The 75th Independence Day of India is being commemorated today, marking a pivotal point in the country’s history. On August 15, 1947, India declared independence from the British. The national festival serves as a reminder of our leaders’ and freedom fighters’ untold sacrifices. On this day every year, India’s prime minister unfurls the national flag, known as the ‘tiranga’ or ‘tricolour,’ on the Red Fort. For the eighth year in a row, Prime Minister Narendra Modi raised the tricolour and addressed the nation from the Red Fort.
India has the potential to become one of the world’s most powerful nations in the twenty-first century. It is the world’s largest democracy, with talented citizens who have made their mark in global business, academia, information technology, entertainment, and sports. There is so much that India can teach the world about democracy and ahimsa (non-violence), which is why I am deeply disappointed and alarmed by the communal violence, deteriorating women’s safety, and an unprecedented economic downturn. We must remember that Mahatma Gandhi’s example continues to inspire millions of people around the world.
“The achievement we celebrate today is but a step, an opening of opportunity, to the greater triumphs and achievements that await us,” said Jawaharlal Nehru in his speech ‘Tryst with Destiny’. Are we brave and wise enough to seize this opportunity and accept the future’s challenge? Today, as we celebrate 75 years of independence, it seems like a good time to assess and measure our progress, as well as re-imagine where we need to go and what path will get us there.
In the country, there is a long history of youth revolt, with the young questioning – loudly and forcefully – the old, traditional ways and demanding that the system be changed, if not dismantled. Young Indians have demonstrated in recent years that they will not take things lying down by protesting on the streets. Despite facing repression and retaliation, including violence, they have continued to speak out at a time when privileged individuals and institutions tasked with upholding independent thinking have buckled. To be honest, there was no genuine competition. The usual role models – corporate tycoons, flashy entrepreneurs, movie stars, cricketers – who receive annual accolades from a hero-worshipping media have chosen to be quiet or loudly endorse the establishment at every step in recent years. The more powerful a person is, the less likely they are to speak up. So they have no credibility left, even if their well-oiled PR machines continue to promote them and a willing media lap it up. The media, ostensibly the people’s voice, the keepers of society’s conscience, and the questioners of authority, abandoned the pretence a long time ago. Both the owners and the editors have lost all pretence of independence. To put it bluntly, the Indian media is a cruel joke, because their lack of ethics and professionalism has an impact on society as a whole, but mentioning the media in public elicits ridicule and laughter.
I’m curious if there are any parents who advise their children to grow up to be like one of the television anchors.
What is the best place for a young Indian to seek advice? While instructors continue to encourage pupils, schools have a history of stifling discussion. Families are ripped apart as previously liberal relatives become prejudiced, and parents are naturally concerned about their children’s futures in a time when jobs are scarce and dissent is brutally crushed.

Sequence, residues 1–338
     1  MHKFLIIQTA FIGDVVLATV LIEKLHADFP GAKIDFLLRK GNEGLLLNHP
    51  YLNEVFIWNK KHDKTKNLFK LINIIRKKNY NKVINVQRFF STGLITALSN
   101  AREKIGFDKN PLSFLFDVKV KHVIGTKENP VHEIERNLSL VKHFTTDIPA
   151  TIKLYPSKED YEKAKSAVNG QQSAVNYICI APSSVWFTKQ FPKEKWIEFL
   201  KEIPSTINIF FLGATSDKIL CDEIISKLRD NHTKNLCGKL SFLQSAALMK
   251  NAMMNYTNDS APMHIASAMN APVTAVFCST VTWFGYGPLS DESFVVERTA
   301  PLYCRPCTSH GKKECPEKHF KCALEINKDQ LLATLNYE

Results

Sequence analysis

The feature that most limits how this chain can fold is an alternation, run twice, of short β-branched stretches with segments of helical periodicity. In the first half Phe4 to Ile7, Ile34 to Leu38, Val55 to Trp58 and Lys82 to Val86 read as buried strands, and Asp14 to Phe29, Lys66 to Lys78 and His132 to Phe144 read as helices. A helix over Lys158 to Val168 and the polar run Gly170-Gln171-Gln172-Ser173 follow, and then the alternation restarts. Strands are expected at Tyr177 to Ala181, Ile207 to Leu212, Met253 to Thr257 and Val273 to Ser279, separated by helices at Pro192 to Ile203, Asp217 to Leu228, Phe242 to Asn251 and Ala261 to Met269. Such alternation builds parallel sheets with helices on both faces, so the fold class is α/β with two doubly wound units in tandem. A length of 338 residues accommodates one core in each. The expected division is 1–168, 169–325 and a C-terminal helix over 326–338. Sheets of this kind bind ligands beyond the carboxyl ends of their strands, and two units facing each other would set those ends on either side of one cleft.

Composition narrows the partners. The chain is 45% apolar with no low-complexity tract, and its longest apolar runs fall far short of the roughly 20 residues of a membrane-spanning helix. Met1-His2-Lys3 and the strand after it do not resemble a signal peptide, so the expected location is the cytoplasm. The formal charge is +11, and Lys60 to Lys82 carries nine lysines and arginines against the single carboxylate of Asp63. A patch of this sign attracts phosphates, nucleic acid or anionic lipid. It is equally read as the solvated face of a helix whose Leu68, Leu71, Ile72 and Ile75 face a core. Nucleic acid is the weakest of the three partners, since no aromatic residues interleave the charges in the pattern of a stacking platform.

Young people today are sometimes characterised as disengaged, preoccupied with their digital lives rather than real-world challenges. Many epithets, like “hashtag activists,” “tech-obsessed and self-centred,” and “entitled millennials,” are commonly used to define young people, not just in India but also overseas.
This is not unique; older generations have long regarded the young with apprehension and even disdain. The term “generation gap” was popular when the parents of today’s millennials were growing up.
The young, on the other hand, always demonstrate the way forward. When the rest of the country had lost its voice and meekly accepted the brutal march of the right-wing, which is out to reshape the country in ways that will set us back a long time, India’s youth – particularly its students – rose to the occasion.
The young have delivered a loud and obvious message to the establishment: we will not take this lying down. The government will retaliate, waiting for the uproar to calm down before attempting to bulldoze its way through. It won’t be easy, though, because the youth are on high alert and have already fired their first warning shot. That should instil hope in the country.
Independence day is thus, not just a day to observe, but to remember that just like the fights our ancestors had to give us this freedom, we still have a lot to fight as a youth. We are discriminated against, just because of our age. And let me remind you that experience certainly is needed, but maturity can never be defined by age.
“Freedom of mind is the real freedom. A person whose mind is not free though he may not be in chains is a slave, not a free man. One whose mind is not free, though he may not be in prison, is a prisoner and not a free man. One whose mind is not free though alive is no better than dead. Freedom of mind is the proof of one’s existence.” – B.R. Ambedkar
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